|Written by Admin|
|Wednesday, 20 August 2008 05:11|
How to increase the “Sales” in your Service Department
How much potential gross profit is available? $20-$30 per repair order is conservative. What would this mean in a year? For example, monthly customer repair orders: 800 x $20 = $16,000 x 12months = $192,000 per year.
In service, we have access to volumes of information, but does this information really report on the “sales process?” Hours sold per repair order, effective labor rate, gross profit percentages are all closely monitored. But does this tell what level of sales effort is being performed? Is there a “closing percentage” on services sold? The relationship of actual vs. the “opportunity” to sell maintenance and needed repairs is seldom, if ever measured. Over the years, I have heard from many dealers who told me that if their people could just sell more than two hours per repair order, they would be satisfied. Unfortunately, I must argue that if those two hours sold were heavy repairs without any maintenance, a large opportunity would still be missed. In fact, many dealerships have high sales per repair order due to a low maintenance to repair mix. Dramatically increased profits can be found by implementing the measuring processes below:
2. Measure maintenance to repair ratios closely. If service consultant (A) sells regular, needed maintenance to most of his/her customers and is at 1.9 hours sold per repair order and service consultant (B) sells only heavy repairs with little maintenance but has a 2.5 hours per repair order average, who does a better job? If hours sold/RO is the only measurement, (B) is better. If you want your customers to return to the dealership on a regular basis and possibly have less major failures, (A) is better. Note that the technicians that work for (A) are probably more productive and efficient as maintenance work is always done in less time than the flat rate time allowed. In many cases, service consultant (A) will also have more total sales than (B). ROAMS shows how many labor operations were maintenance related and compare this with the repair operations. Compare this ratio among each service consultant. In many cases, what you thought was your best service consultant could be missing a lot of opportunities. Use this information to pinpoint the areas where items are not being presented, and or sold.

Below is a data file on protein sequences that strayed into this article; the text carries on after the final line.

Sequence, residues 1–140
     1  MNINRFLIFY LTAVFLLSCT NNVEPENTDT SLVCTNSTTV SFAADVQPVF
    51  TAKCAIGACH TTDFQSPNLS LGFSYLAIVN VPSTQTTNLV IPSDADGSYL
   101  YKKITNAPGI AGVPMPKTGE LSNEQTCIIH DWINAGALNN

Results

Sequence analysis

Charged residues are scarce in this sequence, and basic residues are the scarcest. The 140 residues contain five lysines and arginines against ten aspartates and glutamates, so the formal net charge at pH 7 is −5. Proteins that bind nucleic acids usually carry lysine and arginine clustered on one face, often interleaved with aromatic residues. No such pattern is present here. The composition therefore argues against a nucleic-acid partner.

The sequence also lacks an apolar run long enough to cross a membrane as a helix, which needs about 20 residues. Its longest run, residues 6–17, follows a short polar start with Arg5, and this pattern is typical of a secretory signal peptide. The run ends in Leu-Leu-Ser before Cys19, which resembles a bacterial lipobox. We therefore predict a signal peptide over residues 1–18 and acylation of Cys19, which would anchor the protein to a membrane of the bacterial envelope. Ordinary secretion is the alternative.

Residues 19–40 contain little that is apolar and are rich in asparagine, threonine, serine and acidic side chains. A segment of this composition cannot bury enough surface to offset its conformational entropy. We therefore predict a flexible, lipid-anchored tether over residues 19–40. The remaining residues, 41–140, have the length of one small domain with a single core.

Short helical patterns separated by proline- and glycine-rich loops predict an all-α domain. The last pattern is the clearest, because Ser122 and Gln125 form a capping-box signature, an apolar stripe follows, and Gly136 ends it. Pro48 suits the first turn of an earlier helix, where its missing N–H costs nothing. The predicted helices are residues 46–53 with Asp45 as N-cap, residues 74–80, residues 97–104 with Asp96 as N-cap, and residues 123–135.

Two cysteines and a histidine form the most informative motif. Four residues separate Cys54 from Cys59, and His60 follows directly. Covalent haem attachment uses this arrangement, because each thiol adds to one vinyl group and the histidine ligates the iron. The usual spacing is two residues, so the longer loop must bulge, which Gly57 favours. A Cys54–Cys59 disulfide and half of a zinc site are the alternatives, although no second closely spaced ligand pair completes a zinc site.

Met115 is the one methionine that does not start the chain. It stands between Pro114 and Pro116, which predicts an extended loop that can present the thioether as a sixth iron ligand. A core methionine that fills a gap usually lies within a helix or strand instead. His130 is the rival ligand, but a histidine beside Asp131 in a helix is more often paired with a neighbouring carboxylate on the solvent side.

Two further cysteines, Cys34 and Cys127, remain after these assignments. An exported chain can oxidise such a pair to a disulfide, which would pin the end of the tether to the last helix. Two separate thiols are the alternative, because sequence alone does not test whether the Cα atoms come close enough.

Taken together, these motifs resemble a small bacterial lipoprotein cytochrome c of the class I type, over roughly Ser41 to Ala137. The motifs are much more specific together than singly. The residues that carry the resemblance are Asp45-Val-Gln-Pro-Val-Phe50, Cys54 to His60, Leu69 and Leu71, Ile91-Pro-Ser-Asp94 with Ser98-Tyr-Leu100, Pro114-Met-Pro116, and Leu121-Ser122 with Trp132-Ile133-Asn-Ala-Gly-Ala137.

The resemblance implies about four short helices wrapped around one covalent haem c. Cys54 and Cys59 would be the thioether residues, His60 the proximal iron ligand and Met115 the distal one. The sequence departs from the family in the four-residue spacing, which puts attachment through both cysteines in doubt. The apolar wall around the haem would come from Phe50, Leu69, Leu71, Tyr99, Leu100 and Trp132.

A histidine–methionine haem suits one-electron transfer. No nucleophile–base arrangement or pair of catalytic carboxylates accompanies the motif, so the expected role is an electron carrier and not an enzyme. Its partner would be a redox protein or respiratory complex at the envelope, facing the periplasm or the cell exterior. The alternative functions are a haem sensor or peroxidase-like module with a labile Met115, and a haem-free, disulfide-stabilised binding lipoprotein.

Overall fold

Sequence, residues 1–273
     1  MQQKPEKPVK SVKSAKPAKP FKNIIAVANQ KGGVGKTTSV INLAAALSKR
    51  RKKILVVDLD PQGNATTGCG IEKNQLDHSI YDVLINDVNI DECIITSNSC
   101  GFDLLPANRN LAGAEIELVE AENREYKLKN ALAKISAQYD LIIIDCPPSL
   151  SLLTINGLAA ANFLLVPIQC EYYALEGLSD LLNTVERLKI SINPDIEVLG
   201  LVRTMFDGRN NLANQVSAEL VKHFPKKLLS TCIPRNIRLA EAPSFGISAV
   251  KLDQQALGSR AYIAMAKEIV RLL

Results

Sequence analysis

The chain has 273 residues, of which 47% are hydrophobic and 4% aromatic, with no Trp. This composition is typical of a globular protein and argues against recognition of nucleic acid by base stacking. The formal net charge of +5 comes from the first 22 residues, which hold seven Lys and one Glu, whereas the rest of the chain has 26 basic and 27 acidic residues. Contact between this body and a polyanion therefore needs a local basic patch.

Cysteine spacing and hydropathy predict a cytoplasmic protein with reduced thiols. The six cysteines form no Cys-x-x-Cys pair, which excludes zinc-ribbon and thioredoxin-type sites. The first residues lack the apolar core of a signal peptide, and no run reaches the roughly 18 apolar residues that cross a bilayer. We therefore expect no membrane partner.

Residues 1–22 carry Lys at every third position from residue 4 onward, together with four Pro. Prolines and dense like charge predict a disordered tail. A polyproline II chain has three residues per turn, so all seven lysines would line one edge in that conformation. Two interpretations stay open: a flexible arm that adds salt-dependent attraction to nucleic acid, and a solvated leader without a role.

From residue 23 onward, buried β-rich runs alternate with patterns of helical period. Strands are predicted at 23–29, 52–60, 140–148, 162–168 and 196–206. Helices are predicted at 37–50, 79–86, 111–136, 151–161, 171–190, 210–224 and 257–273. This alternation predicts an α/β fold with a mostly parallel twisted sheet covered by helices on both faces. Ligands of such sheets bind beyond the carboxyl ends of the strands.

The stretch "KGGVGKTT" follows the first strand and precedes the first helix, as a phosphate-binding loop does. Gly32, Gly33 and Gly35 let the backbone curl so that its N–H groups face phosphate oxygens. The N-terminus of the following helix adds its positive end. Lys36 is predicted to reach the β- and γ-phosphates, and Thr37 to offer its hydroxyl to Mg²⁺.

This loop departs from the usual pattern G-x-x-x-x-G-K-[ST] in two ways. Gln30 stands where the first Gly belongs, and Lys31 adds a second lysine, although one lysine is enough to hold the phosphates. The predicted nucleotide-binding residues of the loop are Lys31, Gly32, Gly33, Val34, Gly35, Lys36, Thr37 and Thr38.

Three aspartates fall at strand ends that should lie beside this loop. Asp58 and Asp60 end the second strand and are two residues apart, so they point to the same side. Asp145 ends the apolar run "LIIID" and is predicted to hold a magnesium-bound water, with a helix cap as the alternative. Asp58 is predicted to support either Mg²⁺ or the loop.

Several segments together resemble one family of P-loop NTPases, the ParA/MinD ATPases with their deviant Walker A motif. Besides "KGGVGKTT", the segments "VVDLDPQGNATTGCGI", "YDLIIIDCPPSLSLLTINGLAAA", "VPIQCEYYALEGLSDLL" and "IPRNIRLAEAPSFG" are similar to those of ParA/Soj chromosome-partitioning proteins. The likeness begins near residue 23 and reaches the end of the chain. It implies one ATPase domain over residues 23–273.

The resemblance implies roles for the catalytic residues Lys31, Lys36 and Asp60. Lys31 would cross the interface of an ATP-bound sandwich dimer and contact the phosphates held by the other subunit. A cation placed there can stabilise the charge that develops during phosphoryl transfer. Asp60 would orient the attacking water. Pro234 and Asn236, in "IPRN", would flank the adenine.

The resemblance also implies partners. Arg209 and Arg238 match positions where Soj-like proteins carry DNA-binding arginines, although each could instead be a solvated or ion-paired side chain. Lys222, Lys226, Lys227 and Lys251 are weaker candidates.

|Last Updated on Saturday, 07 November 2009 22:02|